For those of your interested in the recent firehose-vomming of tinycaps that's been coming out of Pinetree, this article from a year ago goes into more detail than I'd ever bother to read:
Divestor blog - Pinetree Capital, possibly the worst closed-end fund ever. The graphics don't work in Internet Exploder, but they do work in Chrome. I'd assume therefore they also work in Firefox.
Divestor blog - Pinetree Capital revisited. From 14 October of this year. Here's a quote of most of it:
How would you like it if you bought an equity interest in 70 cents per share for the market price of 20 cents?This guy really seems to care far too much about Pinetree!
Normally most people would snap up on the opportunity. Every dollar you invested is backed by over 3 dollars of real net financial assets! What could be the catch?
The catch, of course, is that the assets you are purchasing are illiquid, of dubious value beyond a thin market quotation, and is managed by somebody that has an impressive track record of losing money.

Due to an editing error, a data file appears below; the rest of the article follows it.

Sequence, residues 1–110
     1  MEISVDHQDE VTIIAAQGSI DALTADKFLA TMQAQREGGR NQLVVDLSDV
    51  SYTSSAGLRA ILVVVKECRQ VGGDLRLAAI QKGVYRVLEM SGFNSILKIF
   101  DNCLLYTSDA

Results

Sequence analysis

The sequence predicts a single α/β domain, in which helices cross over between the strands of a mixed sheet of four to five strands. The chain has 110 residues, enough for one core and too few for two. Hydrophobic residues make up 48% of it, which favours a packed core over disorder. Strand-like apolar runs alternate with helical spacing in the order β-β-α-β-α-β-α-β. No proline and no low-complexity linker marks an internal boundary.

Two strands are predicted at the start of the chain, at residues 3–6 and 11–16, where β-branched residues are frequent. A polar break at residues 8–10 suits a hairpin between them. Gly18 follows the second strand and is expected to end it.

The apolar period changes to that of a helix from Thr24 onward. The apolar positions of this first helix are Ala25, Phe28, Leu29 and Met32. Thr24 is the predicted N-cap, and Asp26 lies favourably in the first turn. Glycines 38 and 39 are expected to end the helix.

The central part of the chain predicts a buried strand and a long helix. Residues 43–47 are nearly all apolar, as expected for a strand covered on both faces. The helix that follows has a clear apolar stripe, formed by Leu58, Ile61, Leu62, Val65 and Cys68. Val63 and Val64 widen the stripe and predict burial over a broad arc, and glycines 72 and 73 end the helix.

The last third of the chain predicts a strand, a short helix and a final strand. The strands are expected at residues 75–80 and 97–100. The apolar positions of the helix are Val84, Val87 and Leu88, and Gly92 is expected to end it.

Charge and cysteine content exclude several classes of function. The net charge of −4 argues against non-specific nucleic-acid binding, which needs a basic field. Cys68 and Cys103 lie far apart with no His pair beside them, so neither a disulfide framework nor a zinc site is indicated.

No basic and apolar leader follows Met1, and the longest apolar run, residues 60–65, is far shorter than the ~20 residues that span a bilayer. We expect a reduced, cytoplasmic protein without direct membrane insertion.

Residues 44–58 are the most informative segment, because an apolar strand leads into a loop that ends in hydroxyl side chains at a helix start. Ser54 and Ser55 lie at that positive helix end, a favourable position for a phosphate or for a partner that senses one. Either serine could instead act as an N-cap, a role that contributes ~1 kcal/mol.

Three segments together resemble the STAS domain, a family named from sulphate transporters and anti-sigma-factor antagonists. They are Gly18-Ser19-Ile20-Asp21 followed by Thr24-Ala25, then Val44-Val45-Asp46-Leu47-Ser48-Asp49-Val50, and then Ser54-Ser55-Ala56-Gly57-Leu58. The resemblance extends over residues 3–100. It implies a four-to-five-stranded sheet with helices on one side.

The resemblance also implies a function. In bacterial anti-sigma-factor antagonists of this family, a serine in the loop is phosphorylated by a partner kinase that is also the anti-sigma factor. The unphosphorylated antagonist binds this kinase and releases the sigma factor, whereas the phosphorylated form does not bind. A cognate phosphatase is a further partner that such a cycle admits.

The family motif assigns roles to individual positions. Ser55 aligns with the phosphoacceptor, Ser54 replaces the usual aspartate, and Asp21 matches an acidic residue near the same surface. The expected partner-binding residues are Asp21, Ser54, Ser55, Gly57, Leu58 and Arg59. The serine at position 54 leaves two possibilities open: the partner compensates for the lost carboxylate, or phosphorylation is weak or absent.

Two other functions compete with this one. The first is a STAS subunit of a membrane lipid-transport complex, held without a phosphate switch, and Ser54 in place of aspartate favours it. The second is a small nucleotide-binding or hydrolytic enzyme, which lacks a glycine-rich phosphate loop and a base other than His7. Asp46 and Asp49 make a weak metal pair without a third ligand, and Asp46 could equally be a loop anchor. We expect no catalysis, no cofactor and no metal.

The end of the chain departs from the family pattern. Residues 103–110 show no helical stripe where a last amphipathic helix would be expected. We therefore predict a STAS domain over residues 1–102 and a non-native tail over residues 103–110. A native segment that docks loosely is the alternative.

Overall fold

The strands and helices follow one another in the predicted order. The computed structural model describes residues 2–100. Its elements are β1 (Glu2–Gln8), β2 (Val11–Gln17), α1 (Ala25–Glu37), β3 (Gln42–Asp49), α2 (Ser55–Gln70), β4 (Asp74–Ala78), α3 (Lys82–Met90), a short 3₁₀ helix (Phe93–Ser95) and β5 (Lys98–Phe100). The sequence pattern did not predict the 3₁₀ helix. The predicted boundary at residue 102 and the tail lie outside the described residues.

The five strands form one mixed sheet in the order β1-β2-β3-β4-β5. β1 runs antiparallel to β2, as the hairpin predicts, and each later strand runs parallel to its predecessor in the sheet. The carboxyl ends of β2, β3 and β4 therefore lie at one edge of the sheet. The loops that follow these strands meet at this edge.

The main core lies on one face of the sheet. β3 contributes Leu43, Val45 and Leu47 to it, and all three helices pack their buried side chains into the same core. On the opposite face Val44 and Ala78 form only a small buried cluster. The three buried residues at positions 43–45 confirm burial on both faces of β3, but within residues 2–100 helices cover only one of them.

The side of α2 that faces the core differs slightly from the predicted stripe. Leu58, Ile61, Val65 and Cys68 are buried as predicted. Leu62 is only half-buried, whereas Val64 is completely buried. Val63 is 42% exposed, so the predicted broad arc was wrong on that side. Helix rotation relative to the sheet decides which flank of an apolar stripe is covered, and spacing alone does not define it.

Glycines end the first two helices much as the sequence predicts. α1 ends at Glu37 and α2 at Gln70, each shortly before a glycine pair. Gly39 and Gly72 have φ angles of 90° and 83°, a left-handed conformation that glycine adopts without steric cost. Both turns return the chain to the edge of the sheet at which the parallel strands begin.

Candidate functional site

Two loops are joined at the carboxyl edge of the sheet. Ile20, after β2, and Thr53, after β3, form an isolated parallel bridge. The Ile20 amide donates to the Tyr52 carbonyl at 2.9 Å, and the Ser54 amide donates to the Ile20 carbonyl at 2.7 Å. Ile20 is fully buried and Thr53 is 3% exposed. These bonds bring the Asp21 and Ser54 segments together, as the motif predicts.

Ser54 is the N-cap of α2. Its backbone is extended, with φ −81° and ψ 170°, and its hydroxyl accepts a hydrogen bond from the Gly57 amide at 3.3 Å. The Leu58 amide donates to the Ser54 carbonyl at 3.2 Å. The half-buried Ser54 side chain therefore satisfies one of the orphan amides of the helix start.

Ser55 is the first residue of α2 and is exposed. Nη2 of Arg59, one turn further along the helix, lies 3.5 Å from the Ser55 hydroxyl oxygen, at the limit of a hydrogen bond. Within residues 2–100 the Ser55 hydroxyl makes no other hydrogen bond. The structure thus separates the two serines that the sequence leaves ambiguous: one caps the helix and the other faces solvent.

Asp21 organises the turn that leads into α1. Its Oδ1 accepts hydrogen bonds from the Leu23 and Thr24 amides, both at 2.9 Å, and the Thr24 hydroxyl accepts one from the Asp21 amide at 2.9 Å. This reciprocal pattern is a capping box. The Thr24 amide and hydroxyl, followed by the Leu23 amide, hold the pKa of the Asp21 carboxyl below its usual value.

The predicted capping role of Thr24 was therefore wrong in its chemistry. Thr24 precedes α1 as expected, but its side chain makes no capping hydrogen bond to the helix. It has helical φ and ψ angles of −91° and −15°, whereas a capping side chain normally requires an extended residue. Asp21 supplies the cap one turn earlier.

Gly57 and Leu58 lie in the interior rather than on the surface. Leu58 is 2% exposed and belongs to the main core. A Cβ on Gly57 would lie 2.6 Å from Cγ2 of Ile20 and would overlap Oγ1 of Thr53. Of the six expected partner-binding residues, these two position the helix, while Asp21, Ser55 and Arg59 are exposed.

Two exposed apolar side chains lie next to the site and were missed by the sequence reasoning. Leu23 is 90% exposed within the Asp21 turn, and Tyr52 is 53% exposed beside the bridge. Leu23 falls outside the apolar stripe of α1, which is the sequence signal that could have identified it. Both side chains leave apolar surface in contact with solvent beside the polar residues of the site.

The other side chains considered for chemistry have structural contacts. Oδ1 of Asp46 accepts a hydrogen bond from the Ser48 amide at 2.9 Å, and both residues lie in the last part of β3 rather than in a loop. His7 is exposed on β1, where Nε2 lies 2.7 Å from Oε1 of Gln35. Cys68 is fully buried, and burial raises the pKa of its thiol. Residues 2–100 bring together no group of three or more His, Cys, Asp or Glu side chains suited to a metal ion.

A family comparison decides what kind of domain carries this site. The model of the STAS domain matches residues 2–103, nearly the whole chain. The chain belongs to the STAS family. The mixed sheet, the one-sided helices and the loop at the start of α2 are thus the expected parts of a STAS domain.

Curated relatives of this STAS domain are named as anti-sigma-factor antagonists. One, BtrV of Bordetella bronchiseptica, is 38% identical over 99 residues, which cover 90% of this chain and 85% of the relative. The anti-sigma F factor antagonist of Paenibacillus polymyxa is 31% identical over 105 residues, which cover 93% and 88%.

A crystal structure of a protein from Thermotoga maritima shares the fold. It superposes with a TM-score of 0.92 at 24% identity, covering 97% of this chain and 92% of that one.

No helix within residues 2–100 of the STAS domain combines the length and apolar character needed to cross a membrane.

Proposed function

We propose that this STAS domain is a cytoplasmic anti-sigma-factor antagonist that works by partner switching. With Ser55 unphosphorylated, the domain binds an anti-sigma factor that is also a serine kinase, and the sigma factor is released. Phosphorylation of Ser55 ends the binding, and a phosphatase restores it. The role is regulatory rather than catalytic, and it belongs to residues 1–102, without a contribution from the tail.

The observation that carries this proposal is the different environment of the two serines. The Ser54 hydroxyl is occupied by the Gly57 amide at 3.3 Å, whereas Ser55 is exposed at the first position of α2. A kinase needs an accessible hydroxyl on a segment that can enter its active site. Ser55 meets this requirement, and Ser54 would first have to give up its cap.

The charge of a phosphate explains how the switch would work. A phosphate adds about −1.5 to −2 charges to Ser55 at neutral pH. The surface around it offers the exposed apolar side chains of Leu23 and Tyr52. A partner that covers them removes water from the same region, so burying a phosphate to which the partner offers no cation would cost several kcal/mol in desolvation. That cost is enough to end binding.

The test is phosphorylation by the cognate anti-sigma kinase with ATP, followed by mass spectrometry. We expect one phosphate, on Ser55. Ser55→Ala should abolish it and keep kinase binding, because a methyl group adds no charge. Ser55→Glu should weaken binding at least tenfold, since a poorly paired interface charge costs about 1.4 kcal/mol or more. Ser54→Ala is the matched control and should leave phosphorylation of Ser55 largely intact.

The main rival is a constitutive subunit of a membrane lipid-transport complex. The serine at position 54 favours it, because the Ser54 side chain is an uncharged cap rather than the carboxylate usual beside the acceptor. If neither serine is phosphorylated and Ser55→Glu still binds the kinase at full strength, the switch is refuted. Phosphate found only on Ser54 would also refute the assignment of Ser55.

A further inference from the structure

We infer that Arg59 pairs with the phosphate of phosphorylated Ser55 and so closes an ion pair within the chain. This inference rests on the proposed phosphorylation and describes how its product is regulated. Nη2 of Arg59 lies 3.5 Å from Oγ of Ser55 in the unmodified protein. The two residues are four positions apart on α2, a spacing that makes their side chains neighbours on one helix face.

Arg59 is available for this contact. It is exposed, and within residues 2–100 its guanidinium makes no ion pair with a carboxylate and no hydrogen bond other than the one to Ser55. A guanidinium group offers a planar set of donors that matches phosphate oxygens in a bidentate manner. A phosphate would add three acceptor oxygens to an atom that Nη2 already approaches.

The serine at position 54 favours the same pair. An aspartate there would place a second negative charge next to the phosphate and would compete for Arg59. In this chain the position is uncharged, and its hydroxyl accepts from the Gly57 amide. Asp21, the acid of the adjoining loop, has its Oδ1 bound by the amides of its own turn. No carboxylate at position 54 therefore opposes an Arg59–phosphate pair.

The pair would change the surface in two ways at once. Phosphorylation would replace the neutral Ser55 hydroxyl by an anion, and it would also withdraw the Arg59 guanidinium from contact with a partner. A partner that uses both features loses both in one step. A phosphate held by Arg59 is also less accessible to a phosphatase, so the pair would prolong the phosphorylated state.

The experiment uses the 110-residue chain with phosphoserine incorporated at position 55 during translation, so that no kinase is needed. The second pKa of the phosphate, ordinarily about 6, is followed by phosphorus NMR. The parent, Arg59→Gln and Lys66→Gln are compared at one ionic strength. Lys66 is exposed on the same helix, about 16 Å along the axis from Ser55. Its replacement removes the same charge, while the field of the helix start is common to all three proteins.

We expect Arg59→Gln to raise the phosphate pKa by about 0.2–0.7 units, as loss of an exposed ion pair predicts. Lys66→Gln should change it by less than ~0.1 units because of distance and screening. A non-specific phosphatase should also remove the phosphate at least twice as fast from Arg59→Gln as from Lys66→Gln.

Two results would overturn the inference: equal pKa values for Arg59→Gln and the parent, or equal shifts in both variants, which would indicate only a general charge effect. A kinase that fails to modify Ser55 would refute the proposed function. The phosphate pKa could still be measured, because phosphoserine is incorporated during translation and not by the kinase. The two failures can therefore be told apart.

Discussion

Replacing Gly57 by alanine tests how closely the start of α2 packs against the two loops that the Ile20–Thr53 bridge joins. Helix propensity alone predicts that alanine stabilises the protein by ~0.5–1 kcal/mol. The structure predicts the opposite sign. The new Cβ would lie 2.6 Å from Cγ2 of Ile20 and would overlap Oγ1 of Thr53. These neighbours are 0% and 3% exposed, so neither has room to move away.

Otherwise the market would not be giving such a steep discount to the whole consolidated operation.
What is interesting is that the capital fund continues to be hampered by debentures that have a 33% ceiling on the debt-to-asset ratio. Last year the fund breached this and had to pay handsomely for the privilege of obtaining more time.
Management has a huge incentive to not let the debtholders take over – surely the big players in the debenture space would liquidate the fund piece by piece and would not be hamstrung by pesky management or their insanely huge salaries.
The debentures, by virtue of the debt-to-asset covenant, are functionally secured, first-in-line debt, next in line to the margin loans the fund has been taking to fund its incredibly speculative investment portfolio.
They also mature in 1 year and 7 months time.
Now that the whole world stock market has tanked over the past month, speculative issues get hammered the most. Pinetree has been suffering, and its equity has thus gone down to the huge discount over stated asset value that you see today.